“I enjoy using an iPad, it’s a wonderful device; the Kindle e-reader is a beautiful thing,” says says Brandon Ermita, a Princeton University IT manager. “But I could never write a story, I could never write my dissertation, I could never produce work with a touchscreen.” Ermita is devoted to keeping the Model M alive: he recovers them from supply depots and recycling centers, sells them through his site, ClickyKeyboards, and runs a veritable Model M private museum. He estimates he’s put between 4,000 and 5,000 of the keyboards under the fingertips of aficionados over the past decade.


Ewen Gilmour – Rust In Pieces.

Ewen Gilmour: http://www.ewengilmour.com/

Died the day before yesterday. Westie (read white trash) icon.

Sadly missed.

He did a comedy show, had a beer, went home, and died in his sleep.

So in Ewen’s honour, this:

This Is The Sort Of Thing That Rupert Murdoch Wants Gone.

I’ve been bingeing on BBC Radio 4’s “In Our Time” for the last week or so.

It’s a shame we don’t get BBC Radio 4 content rebroadcast on Radio New Zealand the way we do other public radio content. I’m sure there’s some bullshit regional licensing arcana to blame there.

No matter. It’s all available via this magical interweb thing. And unlike BBC television, it’s not subject to arbitrary (and ineffective!) online geographical restrictions.

Hey. BBC bean counters. Are you listening? If you want me to jump through hoops or to pay exorbitant amounts for excessively DRM restricted media in order to watch your TV programming, I’M NOT INTERESTED.

Thanks for the radio though. I’m enjoying that, and I will continue to do so until someone decides to put a clamp on the hosepipe.

For the time being, episodes of “In Our Time” dating back to 2011 are available to download directly. Everything else in the archive plays in the BBC iPlayer.

Three cheers for the Brits who pay their television licensing fee!

English speakers of the world salute you.

Those of us who haven’t suffered commercial media induced braindeath that is…

Fun Stuff On The WayBack Machine.

I found this via Dennis Ritchie’s archived homepage.

I don’t know which is funnier – the joke on a Nobel Prize winner, or Penn Jillette’s hair!



I wrote this account of an encounter with Penn and Teller fairly soon after it occurred in 1989, and haven’t edited it except to add HTML markup. So words like “recently” have to be understood relative to late 1989 or early 1990.

Although it’s barely mentioned in the account, the whole thing was recorded on multiple videotapes with an elaborate though amateur setup. Later Teller came back to the Labs once or twice to tape the intro and voice-over of the story by me, in order to create a coherent video. I was not a good narrator or TV actor, and (to my relief) Teller decided to enlist Penn to do it, with a script from P&T’s perspective instead of mine. This worked much better. The material was rather nicely edited, given its sub-broadcast quality. The tape was shown at Usenix conventions, and clips were shown during Arno Penzias’s retirement observances.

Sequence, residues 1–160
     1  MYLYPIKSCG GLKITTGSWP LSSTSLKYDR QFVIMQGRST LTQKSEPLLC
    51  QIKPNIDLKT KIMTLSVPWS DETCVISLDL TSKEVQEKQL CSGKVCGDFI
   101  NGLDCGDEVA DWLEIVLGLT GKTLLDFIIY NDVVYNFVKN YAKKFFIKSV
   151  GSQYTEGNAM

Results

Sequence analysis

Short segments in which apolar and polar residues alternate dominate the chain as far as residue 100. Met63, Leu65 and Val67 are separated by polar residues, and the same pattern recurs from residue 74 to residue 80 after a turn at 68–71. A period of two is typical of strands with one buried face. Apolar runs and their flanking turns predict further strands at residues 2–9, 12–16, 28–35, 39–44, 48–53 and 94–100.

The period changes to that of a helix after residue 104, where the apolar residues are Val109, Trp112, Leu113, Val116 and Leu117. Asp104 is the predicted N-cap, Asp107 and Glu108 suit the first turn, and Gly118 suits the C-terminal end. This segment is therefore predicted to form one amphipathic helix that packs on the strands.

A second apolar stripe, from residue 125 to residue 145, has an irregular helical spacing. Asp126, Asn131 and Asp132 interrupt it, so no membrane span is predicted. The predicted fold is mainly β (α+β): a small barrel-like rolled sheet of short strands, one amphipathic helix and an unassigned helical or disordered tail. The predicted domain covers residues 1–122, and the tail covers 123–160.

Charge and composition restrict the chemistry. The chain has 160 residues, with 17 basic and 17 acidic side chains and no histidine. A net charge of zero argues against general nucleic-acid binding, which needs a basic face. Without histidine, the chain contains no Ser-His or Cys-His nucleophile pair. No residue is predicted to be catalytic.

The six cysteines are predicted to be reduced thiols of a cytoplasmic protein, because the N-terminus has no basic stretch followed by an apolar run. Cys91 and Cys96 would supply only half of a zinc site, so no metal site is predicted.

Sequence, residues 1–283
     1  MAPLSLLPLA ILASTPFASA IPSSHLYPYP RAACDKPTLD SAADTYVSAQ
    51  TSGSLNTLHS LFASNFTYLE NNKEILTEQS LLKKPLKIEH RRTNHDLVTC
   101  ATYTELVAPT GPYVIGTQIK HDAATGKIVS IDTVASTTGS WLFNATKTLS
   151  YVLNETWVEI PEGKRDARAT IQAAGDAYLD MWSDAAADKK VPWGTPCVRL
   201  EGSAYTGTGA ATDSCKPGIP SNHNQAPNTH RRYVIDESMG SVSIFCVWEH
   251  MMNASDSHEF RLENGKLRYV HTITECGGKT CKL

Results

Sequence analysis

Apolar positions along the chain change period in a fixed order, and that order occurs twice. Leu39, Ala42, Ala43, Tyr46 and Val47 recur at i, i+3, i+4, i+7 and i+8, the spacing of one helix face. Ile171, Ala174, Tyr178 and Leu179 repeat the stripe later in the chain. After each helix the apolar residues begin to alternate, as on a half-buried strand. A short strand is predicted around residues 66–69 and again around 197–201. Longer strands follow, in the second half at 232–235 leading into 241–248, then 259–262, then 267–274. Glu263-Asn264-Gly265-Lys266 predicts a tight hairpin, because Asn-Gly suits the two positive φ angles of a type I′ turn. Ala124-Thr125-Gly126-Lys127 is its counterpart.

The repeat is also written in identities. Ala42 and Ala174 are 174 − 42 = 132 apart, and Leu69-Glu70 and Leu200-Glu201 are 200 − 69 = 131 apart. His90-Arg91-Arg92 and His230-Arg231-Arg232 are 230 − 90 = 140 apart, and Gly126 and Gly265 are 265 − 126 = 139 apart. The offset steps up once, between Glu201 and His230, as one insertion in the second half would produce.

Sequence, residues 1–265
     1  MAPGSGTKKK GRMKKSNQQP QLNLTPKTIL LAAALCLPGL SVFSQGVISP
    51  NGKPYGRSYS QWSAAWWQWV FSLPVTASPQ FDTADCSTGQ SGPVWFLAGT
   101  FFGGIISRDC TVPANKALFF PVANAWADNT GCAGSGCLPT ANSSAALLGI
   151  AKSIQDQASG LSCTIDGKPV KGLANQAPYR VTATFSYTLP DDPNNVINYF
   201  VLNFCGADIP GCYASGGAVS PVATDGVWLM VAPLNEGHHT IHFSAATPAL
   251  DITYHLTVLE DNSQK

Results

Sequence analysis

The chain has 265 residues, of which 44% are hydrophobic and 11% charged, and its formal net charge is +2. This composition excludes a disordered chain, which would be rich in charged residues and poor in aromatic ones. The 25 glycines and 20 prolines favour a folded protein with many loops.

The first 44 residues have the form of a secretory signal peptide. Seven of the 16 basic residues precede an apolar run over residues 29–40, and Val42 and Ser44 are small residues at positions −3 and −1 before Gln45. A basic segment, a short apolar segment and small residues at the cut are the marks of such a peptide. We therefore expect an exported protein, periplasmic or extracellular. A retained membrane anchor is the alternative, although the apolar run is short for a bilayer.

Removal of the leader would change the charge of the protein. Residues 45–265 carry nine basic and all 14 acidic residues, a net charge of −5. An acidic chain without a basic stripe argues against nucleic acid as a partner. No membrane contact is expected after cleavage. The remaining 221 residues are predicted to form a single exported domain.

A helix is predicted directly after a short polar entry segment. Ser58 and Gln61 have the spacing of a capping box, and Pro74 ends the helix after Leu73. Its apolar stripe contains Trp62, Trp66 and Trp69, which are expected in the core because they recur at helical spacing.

This video was digitized (2002) by Gerard Holzmann, and is available as a big (88MB: caution!) MPEG here.

The reference to a treatment “by a better author” had to do with an article that Penn thought of writing, but didn’t, so far as I know. Accounts of the story did appear in the Wall Street Journal, but by the paper’s own reporter, and also in Wired.

Rob remains pretty close to Penn Jillette; in turn Penn now and then drops Rob’s name.

Amongst the unmentioned bennies I got out of the experience is a gift book from Penn: Darwin’s Thumb Tip Miracles, forward by Siegfried and Roy. Penn was kind enough to inscribe it “Dennis– on to magic trips of many nations. …. the Roy of Penn and Teller. — Penn.” Oh yes, and also a lifetime supply of thumbtips, which my relatives are now more than hip to.

Manufacturing Consent: Noam Chomsky and the Media (1993)


Funny, provocative and surprisingly accessible, MANUFACTURING CONSENT explores the political life and ideas of world-renowned linguist, intellectual and political activist Noam Chomsky. Through a dynamic collage of biography, archival gems, imaginative graphics and outrageous illustrations, Mark Achbar and Peter Wintonick’s award-winning documentary highlights Chomsky’s probing analysis of mass media and his critique of the forces at work behind the daily news. MANUFACTURING CONSENT features appearances by journalists Bill Moyers and Peter Jennings, pundit William F. Buckley Jr., novelist Tom Wolfe and philosopher Michel Foucault.




The Drowned Rat Of Democracy.

So I got my vote in for our national election today with half an hour to spare before the polls close at 19:00 NZST.

And of course I got absolutely bloody SOAKED on my way to and from the polling place at the Auckland High Court.

But it’s done.

How Voting In NZ Works.

My electoral vote went to the Labour candidate for Auckland Central because I like her and I’m a cradle Labour supporter. My party vote went to the Greens because we need more wild eyed tree huggers in Parliament.

Now I’m going to turn the election coverage on Radio New Zealand on, dry my hair, hang my jeans up to dry, and have a cup of coffee.

I have something akin to religious faith that my vote counts. I’m reasonably sure though that unlike belief in $IMAGINARY_BEING, our combination of Mixed Member Proportional Representation and Westminster Democracy actually *is* better than the alternative.

If the people I didn’t vote for end up running the show for another three years – well so be it. I’ve had my say.

It will be time to look towards 2017 and to push for some change.